Proponents of both animal rights and animal welfare want to help nonhuman animals. But under animal welfare, nonhuman animals remain legal “things” with no rights, because that status is never brought into question in a welfare or protection context. (Note that most if not all “sentient being” laws likewise appear to keep in place the legal thinghood of all nonhuman animals, often explicitly so.) History demonstrates that the only way to truly protect human beings’ fundamental interests is to recognize that they’re legal persons with fundamental rights. It’s no different for nonhuman animals. Animal welfare focuses on the duties imposed on human beings regarding how they should treat nonhuman animals. Animal welfare laws—which apply only to certain species in certain circumstances, often aren’t enforced, and typically require proof of intentional cruelty on the part of a human “owner”—are radically insufficient, in our view.

However, at the same time, until nonhuman animals’ rights are recognized, animal welfare laws are all they have, and so they’re absolutely necessary right now. But it’s past time we moved beyond this paradigm; it would be irrational and unjust not to, given all we know about the capacities of other animals and how we’re literally destroying them to serve human interests. Nonhuman rights prioritize nonhuman animals’ interests—in freedom from captivity, participation in a community of other members of their species, and their natural habitats—not ours. NhRP founder and president Steven M. Wise writes succinctly on the rights/welfare issue in his July 2016 article “Toward Animal Personhood” in Foreign Affairs.

Q3: To date, the Nonhuman Rights Project has focused exclusively on chimpanzees and elephants as clients. Your website cites “ample, robust scientific evidence of self-awareness and autonomy” in these species as a reason why. But what of factors such as established human relationships with particular species, or the severity of cruelty a given animal faces? For example, dogs have been ubiquitous in daily human life as companions and helpers since ancient times, and are so widely beloved that many people already recognize a sort of de facto “social contract” between humans and “man’s best friend.” Crows have passed many of the same cognitive tests used to demonstrate high intelligence and self-awareness in great apes and elephants, yet are routinely shot or poisoned in the name of “pest control.” What are the factors NhRP considers when selecting new clients? Do you have plans to represent species other than great apes or elephants in the future?

Western jackdaw, a species of crow, on the Isle of Man. Image courtesy Wolf Gordon Clifton / Animal People, Inc.

Absolutely. What we’re doing right now in the US—advocating for common law personhood and rights for demonstrably self-aware, autonomous nonhuman animals like chimpanzees and elephants—is a starting point. That’s what NhRP President Steven M. Wise means when he says we’re trying to “break a hole in the legal wall” that separates all humans from all nonhuman animals, which is as much about vindicating the interests of our nonhuman animal clients as it is showing people what’s possible, necessary, and just. We plan to follow the science wherever it takes us, developing and refining our legal arguments accordingly.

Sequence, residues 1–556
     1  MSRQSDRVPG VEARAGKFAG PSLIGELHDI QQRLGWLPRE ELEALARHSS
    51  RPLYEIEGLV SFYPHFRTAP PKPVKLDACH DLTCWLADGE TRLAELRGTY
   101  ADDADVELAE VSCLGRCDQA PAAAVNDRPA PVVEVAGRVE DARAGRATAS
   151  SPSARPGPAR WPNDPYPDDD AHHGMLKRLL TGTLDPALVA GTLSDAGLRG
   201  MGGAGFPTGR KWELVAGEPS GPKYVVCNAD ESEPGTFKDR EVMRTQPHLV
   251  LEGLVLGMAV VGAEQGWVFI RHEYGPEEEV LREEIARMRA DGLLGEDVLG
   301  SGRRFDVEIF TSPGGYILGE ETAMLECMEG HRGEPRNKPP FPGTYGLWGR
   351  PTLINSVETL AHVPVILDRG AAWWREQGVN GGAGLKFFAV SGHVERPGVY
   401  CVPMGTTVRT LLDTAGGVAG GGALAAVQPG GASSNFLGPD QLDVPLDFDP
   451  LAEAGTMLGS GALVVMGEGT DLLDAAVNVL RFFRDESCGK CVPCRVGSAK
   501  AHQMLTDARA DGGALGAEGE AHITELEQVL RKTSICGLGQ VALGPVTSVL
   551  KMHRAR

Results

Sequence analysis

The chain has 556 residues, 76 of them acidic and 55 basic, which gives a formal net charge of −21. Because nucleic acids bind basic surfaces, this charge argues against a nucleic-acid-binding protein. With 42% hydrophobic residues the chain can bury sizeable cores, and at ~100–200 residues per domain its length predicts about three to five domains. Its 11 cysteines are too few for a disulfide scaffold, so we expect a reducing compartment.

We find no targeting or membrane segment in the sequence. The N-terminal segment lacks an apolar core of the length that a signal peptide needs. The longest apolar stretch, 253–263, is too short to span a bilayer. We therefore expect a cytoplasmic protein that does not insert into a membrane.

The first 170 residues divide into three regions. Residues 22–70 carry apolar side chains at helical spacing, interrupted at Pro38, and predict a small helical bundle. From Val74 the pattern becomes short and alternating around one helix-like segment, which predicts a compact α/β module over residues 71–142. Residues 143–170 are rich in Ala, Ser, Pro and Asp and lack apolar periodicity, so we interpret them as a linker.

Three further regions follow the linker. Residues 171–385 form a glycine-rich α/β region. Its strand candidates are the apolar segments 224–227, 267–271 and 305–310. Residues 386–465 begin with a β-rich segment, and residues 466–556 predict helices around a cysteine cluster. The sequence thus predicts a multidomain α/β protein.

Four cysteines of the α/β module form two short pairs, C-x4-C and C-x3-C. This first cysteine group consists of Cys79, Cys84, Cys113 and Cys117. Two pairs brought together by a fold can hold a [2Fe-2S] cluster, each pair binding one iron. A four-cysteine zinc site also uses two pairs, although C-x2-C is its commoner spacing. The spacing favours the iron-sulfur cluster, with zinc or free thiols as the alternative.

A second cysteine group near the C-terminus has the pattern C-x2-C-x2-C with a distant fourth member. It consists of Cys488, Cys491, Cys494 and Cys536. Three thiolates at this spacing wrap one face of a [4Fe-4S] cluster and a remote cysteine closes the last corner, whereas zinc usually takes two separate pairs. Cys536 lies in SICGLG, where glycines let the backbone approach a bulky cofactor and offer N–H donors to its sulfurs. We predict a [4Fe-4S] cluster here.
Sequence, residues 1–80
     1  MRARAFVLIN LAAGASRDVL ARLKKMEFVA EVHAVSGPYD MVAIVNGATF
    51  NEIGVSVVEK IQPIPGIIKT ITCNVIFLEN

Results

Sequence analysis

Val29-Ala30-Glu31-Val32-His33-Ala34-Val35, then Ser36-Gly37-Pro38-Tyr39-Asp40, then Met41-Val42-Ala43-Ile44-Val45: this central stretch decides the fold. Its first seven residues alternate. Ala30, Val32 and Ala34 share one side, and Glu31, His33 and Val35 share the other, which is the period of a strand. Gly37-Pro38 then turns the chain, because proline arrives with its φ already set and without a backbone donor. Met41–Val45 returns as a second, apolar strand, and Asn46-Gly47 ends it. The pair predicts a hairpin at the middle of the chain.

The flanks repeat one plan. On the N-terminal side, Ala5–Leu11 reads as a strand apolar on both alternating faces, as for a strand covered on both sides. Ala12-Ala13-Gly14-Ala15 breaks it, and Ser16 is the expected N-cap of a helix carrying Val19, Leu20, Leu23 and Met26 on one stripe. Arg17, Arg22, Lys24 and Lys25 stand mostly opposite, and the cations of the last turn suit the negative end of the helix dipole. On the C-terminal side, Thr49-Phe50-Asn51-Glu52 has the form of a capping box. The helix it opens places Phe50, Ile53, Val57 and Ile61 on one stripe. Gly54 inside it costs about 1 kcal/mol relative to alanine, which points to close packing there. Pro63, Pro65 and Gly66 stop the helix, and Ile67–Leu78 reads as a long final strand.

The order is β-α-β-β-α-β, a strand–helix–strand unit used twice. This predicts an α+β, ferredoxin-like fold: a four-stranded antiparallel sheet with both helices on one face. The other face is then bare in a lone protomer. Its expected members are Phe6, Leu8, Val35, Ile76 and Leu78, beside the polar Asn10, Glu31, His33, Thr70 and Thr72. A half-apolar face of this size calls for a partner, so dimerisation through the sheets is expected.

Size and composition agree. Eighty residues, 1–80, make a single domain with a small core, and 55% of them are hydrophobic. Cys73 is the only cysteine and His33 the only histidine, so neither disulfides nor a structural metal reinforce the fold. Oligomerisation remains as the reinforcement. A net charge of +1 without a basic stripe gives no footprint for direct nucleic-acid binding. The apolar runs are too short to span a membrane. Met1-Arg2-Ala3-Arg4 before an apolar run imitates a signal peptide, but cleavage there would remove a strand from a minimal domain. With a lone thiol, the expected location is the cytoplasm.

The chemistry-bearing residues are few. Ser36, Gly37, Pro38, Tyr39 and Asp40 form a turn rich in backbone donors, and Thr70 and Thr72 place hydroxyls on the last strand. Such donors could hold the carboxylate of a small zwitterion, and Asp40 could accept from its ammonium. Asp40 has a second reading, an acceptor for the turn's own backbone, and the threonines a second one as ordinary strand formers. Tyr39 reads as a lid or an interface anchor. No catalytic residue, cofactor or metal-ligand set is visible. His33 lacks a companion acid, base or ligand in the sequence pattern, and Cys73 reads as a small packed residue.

We focus our arguments, legal and factual, around autonomy not because we value it per se, but because there is a long and rich tradition of Western judges going to great lengths to protect it. While the container of that autonomy has hitherto always been a human being, science shows that humans are not the only autonomous beings in this world. We’ve maintained from the beginning that self-awareness and autonomy are sufficient, but not necessary, for recognition of personhood and rights—meaning there can and should be other bases beyond autonomy on which to premise personhood and therefore rights. However, we think it’s vital, especially at this very early stage, to support our arguments with robust, abundant scientific evidence, and any rights-based litigation on behalf of nonhuman animals must reckon with nonhuman animals’ thinghood.

That said, human experience—such as the relationships you describe—matters too, especially as far as the common law is concerned. (“Common law” is the component of a nation’s law based on judicial precedent rather than written statutes or regulations.) While we continue working in the courts, we are also in the process of developing rights-based legislation, which will allow us somewhat greater flexibility as to whose rights and what kind of rights we’re seeking. Efforts on behalf of “domesticated” species, including those most close to us by some measure, like dogs and cats, will likely require a very different paradigm. Because they are so intertwined with humans, a focus on “autonomy” as a basis for rights may not be appropriate, requiring something perhaps more along the lines of a quasi-citizenship model, where humans would take on various duties towards domesticated species.

The book Zoopolis by philosophers Sue Donaldson and Will Kylmicka is an excellent starting point for thinking along these lines (by the way, both contributed to the February 2018 philosophers’ amicus brief in favor of our New York chimpanzee rights appeal).

Q4: How have other animal protection organizations reacted to the Nonhuman Rights Project’s approach? Has the movement generally rallied behind you, or is your approach regarded as controversial by fellow animal rights activists? Are there any common criticisms you face that you would like to respond to?